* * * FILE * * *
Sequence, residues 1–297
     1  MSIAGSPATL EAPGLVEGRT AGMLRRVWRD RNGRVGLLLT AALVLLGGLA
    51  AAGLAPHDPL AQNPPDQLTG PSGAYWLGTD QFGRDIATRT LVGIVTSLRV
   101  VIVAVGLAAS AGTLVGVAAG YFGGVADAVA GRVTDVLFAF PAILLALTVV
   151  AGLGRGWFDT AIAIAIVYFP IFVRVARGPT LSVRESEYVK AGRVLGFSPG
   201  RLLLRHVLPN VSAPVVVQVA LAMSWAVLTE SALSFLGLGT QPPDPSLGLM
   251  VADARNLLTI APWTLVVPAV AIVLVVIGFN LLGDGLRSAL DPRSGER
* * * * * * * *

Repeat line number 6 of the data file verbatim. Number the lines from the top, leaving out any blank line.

   201  RLLLRHVLPN VSAPVVVQVA LAMSWAVLTE SALSFLGLGT QPPDPSLGLM